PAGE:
Preface to the Second Edition of Aftershock
Judging from the beginning-of-the-year media reports in 2011, as well as the forecasts of many investment professionals, it appears we have passed the financial crisis caused by the popping of the bubble economy, and there will be no Aftershock.
That would be welcome and comfortable news—if only it were true.
Instead, what happened in early 2011 is just as we predicted. As the four interacting bubbles (stocks, housing, private credit, and consumer spending) pop, they will put enormous pressure on the two remaining—and much more fundamental—bubbles in our bubble economy: the government debt and dollar bubbles.
That’s because there has been an enormous incentive to further inflate the government debt and dollar bubbles in an effort to stall the popping of the other bubbles. And that is exactly what the government has done in two ways. First, it has increased its annual deficit by almost 550 percent from $250 billion in 2007 to $1.6 trillion today, pumping up the government debt bubble. And even more stunningly, it has increased the U.S. money supply by an unthinkable 200 percent (from $800 billion in 2008 to more than $2.4 trillion today), pumping up the dollar bubble.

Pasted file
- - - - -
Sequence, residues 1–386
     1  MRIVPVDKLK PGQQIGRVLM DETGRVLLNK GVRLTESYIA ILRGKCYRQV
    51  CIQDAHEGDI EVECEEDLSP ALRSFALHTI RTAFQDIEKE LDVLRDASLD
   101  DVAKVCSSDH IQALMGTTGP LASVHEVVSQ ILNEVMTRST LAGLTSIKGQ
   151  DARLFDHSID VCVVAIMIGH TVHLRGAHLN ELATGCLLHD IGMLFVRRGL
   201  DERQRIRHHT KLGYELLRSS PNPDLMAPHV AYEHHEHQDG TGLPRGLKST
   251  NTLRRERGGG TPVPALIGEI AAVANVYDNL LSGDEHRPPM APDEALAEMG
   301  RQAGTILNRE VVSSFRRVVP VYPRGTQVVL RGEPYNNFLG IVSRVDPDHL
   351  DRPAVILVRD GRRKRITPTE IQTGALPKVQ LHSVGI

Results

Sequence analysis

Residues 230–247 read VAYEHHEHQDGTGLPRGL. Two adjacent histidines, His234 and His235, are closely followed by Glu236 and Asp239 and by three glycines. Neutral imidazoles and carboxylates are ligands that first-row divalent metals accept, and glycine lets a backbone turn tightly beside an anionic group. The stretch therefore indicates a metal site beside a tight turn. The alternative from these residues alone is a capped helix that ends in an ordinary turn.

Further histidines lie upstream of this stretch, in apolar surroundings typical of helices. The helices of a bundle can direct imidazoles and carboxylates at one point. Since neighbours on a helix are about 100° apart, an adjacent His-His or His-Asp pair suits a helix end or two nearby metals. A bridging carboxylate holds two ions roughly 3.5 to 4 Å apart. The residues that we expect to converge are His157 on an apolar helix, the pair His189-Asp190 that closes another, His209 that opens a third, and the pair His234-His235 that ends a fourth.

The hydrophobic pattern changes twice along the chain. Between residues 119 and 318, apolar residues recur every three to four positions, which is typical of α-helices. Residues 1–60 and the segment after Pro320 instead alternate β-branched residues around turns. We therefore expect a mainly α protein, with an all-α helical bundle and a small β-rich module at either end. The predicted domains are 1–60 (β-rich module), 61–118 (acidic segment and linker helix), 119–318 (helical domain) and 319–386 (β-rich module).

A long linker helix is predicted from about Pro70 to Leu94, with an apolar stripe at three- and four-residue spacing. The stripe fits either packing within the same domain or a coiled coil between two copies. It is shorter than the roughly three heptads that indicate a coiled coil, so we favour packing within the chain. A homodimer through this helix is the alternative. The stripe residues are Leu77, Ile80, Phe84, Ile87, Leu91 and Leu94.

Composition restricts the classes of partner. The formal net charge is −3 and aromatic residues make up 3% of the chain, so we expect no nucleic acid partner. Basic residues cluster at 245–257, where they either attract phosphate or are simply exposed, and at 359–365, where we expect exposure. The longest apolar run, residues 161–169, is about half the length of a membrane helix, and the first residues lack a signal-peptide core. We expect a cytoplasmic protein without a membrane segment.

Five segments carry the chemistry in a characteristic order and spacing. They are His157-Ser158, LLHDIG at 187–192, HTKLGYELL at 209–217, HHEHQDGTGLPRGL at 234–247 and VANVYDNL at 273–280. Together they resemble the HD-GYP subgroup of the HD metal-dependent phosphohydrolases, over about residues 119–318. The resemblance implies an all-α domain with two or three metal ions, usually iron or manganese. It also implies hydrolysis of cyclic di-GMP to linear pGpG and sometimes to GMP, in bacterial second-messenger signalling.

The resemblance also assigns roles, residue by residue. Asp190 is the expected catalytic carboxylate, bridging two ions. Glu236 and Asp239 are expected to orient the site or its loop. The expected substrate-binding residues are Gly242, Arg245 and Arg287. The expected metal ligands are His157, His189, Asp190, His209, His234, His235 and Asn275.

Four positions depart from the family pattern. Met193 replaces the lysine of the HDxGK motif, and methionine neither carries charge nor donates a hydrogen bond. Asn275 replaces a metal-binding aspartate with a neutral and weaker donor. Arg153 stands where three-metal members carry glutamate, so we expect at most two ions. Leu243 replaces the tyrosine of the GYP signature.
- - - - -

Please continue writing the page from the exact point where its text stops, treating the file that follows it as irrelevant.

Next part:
By inflating these bubbles even more, we are temporarily preventing the other bubbles from deflating further and, in some cases, such as the stock market, we are actually reinflating the bubble to some extent. This was most clearly shown in late 2010 when Fed Chairman Ben ...